Obama doubles down to defend restrictions on the morning-after pill

Updated
File Photo: A women participates in a protest outside of the Hyatt Regency where Republican presidential candidate, former Massachusetts Gov. Mitt Romney was...
File Photo: A women participates in a protest outside of the Hyatt Regency where Republican presidential candidate, former Massachusetts Gov. Mitt Romney was...
Mark Wilson/Getty Images, File

Updated 11:55 p.m. This story was updated to reflect the Justice Dept announcement that it would appeal the judge’s order.

At first glance it looked like a breakthrough. In a statement released Tuesday night, the Food and Drug Administration announced it was approving Plan B, the morning-after pill, for off-the-shelf sale to anyone 15 or older. Until now, kids under 17 have needed a doctor’s prescription to get emergency contraception, and Plan B has been locked behind pharmacy counters.

The approval was an “important step forward,” in Planned Parenthood’s delicate phrase, but it was a stopgap. But the real news came 24 hours later, when the Obama administration announced that it will contest a recent court decision ordering it to lift all restrictions on the sale of Plan B. By complying with the court, the president could have corrected a misstep he made in the heat of the 2012 election campaign. Instead, it has decided to escalate an assault on women’s rights and the FDA’s scientific integrity.

Sixteen months ago, the FDA determined that Plan B One-Step, a pill that can prevent pregnancy if taken shortly after unprotected sex, belonged in the same class as aspirin and Tylenol. After an exhaustive review by independent scientists, the agency had decided that Plan B was “safe and effective and should be approved for nonprescription use for all females of child-bearing potential.”

Unfortunately it was an election year, and the president wasn’t looking for new ways to offend the religious right. The administration denies that politics had anything to do with what happened next. But in an unprecedented act of political meddling, Health and Human Services Secretary Kathleen Sebelius overruled the FDA’s scientific advisors. On December 7, 2011, just hours after FDA Commissioner Margaret Hamburg announced the agency’s intentions, Sebelius claimed on her own authority that “the data … do not conclusively establish that Plan B One-Step should be made available over the counter for all girls of reproductive age.”

Sebelius—a former Kansas governor with no medical training—ordered the FDA to reject the approvable application, and the president publicly backed her, saying it was “common sense” to restrict young teens’ access to emergency contraception.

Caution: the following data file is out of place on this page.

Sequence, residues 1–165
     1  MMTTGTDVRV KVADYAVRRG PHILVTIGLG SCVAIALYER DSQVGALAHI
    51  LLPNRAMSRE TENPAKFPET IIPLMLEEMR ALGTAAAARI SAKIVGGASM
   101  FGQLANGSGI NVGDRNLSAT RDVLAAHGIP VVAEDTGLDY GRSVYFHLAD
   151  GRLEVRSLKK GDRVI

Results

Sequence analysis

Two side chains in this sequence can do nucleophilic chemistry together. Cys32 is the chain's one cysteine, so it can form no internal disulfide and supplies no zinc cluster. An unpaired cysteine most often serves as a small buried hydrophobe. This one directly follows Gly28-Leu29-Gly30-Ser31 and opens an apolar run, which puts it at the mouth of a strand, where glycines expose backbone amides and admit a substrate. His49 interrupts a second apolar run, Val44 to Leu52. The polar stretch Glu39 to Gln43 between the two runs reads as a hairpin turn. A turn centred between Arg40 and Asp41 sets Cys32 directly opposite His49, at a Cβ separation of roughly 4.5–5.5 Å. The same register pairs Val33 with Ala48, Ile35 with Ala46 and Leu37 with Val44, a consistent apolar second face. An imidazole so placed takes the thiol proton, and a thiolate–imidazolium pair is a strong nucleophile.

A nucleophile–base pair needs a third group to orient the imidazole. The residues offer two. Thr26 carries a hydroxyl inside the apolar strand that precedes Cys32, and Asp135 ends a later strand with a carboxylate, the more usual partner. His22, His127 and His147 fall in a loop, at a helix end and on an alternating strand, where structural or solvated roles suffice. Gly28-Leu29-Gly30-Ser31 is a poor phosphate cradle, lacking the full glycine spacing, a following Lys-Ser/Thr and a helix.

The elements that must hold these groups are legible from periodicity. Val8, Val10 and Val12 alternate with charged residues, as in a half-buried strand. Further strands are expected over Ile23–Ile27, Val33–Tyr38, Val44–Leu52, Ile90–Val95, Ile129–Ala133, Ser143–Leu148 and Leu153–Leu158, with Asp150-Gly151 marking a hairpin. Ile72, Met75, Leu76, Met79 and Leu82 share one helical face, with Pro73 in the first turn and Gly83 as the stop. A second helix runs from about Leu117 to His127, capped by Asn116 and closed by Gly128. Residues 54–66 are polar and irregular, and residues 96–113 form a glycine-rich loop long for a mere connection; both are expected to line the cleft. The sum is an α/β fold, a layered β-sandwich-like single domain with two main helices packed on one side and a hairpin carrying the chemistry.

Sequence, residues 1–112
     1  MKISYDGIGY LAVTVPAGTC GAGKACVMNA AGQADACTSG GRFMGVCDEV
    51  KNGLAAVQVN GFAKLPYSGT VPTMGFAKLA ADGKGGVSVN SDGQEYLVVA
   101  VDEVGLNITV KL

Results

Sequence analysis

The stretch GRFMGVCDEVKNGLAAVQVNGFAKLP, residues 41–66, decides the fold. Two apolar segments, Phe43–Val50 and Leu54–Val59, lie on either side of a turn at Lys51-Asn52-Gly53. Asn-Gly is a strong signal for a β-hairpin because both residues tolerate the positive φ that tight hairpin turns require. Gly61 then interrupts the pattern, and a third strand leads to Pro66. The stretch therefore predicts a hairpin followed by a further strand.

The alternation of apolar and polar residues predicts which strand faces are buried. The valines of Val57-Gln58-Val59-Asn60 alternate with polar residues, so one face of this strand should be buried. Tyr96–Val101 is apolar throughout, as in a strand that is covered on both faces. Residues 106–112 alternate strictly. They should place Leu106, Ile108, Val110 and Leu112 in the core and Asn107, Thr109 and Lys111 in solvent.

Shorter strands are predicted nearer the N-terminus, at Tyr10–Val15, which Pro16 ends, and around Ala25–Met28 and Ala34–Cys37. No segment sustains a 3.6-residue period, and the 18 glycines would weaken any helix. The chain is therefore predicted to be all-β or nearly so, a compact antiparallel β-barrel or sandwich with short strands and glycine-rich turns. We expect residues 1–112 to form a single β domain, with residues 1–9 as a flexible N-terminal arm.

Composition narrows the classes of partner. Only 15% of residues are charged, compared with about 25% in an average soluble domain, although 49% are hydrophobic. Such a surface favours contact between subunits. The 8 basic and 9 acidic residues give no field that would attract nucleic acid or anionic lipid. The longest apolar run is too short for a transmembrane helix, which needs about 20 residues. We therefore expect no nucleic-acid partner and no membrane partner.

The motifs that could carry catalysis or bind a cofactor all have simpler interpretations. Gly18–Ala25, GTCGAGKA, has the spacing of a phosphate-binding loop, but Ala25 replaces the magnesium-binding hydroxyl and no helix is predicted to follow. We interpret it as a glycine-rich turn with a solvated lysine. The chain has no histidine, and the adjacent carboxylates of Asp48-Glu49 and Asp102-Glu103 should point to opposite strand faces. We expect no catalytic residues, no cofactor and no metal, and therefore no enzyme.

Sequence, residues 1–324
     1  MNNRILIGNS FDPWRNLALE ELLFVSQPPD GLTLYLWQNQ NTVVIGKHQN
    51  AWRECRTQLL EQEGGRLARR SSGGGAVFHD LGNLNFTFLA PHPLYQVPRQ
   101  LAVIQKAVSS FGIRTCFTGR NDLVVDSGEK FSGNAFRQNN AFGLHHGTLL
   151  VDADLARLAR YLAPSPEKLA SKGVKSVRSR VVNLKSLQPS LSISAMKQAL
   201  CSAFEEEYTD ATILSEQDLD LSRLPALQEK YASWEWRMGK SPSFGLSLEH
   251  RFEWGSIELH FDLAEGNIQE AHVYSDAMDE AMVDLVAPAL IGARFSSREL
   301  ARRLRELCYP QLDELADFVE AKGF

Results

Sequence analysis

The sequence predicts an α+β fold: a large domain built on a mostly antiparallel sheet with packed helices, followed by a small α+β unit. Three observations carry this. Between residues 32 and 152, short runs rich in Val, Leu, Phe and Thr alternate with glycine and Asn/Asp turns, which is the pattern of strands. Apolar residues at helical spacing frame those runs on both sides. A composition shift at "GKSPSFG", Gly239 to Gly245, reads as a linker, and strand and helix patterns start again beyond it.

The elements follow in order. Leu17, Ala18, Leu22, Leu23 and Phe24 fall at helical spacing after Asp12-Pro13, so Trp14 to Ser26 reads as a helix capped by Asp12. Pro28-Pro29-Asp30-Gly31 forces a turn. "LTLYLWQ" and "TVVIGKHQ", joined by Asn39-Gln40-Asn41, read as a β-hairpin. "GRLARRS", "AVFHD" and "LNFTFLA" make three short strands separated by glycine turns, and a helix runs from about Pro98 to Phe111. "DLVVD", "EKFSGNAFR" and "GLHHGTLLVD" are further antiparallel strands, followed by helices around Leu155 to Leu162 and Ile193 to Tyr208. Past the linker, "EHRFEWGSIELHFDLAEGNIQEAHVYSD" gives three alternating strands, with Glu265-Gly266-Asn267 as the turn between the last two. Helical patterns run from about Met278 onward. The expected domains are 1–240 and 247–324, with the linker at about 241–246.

Plan B’s manufacturer, Teva Women’s Health, got the administration’s message. In an amended application, filed last year, the company proposed selling the drug only to people who could prove they were at least 15 years old. Under the revised application—which FDA approved this week—Plan B One-Step will be labeled “NOT FOR SALE TO THOSE UNDER 15 YEARS OF AGE *PROOF OF AGE REQUIRED* NOT FOR SALE WHERE AGE CANNOT BE VERIFIED.” A code on the package will prompt cashiers to check ID and turn away anyone who can’t prove her age, no matter how desperately she wants to avoid pregnancy.

The story would end right there if health advocates had accepted defeat in 2011. But when Sebelius overruled the FDA, the Center for Reproductive Rights and other plaintiffs sued her in federal district court for corrupting the agency’s scientific review process. And three weeks ago they won.  In an April 5 decision, District Court Judge Edward Korman excoriated Sebelius and Obama for politicizing the drug approval process. He deemed their actions arbitrary, capricious and unreasonable, and ordered the administration to approve Plan B for unrestricted sale within a month.

Rather than accept the court’s findings, the Justice Department will now fight an appellate-court battle with the president’s usual supporters.

They’re already feeling betrayed. NOW President Terry O’Neill dismisses the FDA’s watered-down approval as “an incremental advance, made against the hostility of people who claim they’re on our side.”  Nancy Northup, president and CEO of the Center for Reproductive Rights, says it “does nothing to address the significant barriers that far too many women of all ages will still find if they arrive at the drugstore without identification.”

President Obama may truly believe that he and Sebelius exercised “common sense” by restricting young teens’ access to emergency contraception. The religious right uses the same reasoning in all its attacks on reproductive freedom. But this president said he was different. “As long as we’ve got to fight to protect a woman’s right to make her own choices about her own health, I want you to know that you’ve also got a president who’s going to be right there with you fighting every step of the way,” he told a Planned Parenthood gathering last week.

It seems like a long time ago, doesn’t it?

Related: Plan B: Court fixes Obama’s morning-after misstep

Obama doubles down to defend restrictions on the morning-after pill

Updated